Back home, during a year-long, difficult recovery from that close-to-death experience I realized that my days of high-elevation skiing and riding had come to a sudden, abrupt end. Careful, lifelong planning of one day retiring and moving out to Colorado quickly unraveled in front of me. The vision board I had created at age twelve—an old Ford ski-bum pickup truck filled with skis and long wooden toboggans; woodstove smoke drifting slowly up through aspens and over a small mountain cabin; and of course, endless sunny days of Colorado’s highest and finest backcountry dirtbag skiing and snowboarding (I love both)—all disappeared into…well… thin air. 

I fell into a deep, sun-starved, impatient and restless funk.

 That following winter, back home in Vermont, I really had no other choice but to embrace, with even more enthusiasm and gratitude than ever before, backcountry meadow skipping in the Green Mountains and Adirondacks­—what Bill McKibben, in his book Wandering Home, refers to as the “Verondacks. “

I experienced a renewed appreciation for Vermont’s uncrowded, untracked quiet forests, peaceful rolling valleys and, of course, snow-covered peaks. I developed an immense sense of gratitude for our open meadows, abandoned logging roads, and the off-shoot trails that lead to higher, steeper ridgelines and hidden treasures of untouched pow.

David Goodman, author and skier, writes in his excellent book, Best Backcountry Skiing in The Northeast, “Every time skiers glide from a trailhead and vanish into a winter wilderness, we feel like explorers setting off for the New World. Laying first tracks into snow, we sense that we are the first visitors to these wild places.” And it’s true: Uncrowded New England backcountry skiing feels exactly like that.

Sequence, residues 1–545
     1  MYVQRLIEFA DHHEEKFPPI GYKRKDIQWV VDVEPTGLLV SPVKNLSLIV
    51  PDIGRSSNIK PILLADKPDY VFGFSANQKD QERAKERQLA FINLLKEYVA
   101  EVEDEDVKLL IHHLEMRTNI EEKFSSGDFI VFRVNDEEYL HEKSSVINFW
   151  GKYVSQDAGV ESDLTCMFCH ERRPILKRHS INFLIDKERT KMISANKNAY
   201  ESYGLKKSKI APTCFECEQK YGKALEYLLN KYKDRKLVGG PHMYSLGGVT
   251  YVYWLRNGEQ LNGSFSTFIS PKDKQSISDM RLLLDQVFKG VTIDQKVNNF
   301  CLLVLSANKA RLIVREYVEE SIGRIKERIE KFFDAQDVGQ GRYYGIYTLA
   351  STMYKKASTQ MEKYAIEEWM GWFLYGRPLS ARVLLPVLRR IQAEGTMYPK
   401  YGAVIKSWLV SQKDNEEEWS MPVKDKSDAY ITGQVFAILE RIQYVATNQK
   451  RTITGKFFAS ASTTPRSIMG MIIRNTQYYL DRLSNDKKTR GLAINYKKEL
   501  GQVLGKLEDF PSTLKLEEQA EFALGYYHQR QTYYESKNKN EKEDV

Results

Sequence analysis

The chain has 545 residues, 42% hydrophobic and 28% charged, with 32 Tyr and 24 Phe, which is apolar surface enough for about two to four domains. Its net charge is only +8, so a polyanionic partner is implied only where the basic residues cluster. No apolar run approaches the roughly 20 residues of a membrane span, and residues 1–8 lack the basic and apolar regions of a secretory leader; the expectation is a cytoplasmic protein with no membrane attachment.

But, as incredible as our backcountry is, I noticed, just in the last decade, that something was changing. And changing very quickly. I started seeing not only a significant decrease in overall snow depth (especially at lower elevations) but, perhaps more noticeable than at any other time in my life, a drastic change in the quality of the snowpack.  

Catamount Trail Section 19
The End of Winter

I also began noticing that, because of these changes, I could no longer ski wherever or whenever I wanted to, the way I had been for the past 30 years. Backcountry skiing, and especially lower elevation meadow skipping, is becoming harder and harder. The culprit? Warming winters. 

New England is currently the fastest warming region in the entire U.S., with a temperature increase of 4.5 degrees F since 1970. The Green Mountain state is now among the 10 fastest-warming states in the country, according to the climate science group, Climate Central. 

Burlington, is also the seventh fastest warming city in the entire US with a 4.5° F increase since 1970. Often, during the summer, it is 10 degrees warmer in Vermont than it is 300 miles south in the concrete, heat-absorbing metropolis of New York City.

Of the four seasons we experience in Vermont winter is warming the fastest…even faster than summer. 

Perhaps the worst thing for skiers and other backcountry enthusiasts in Vermont is the dramatic increase in freeze-thaw cycles. Last April, I climbed a 2,000-foot, northeast facing, shaded and well-protected slope on Mount Mansfield. I dug a four-and-a-half-foot deep pit into the snow, all the way down to the ground. I took several pictures from the ground up of dark and eerie horizontal layers in the snowpack. I counted eleven layers of ice. Some, over an inch thick, were difficult to dig through.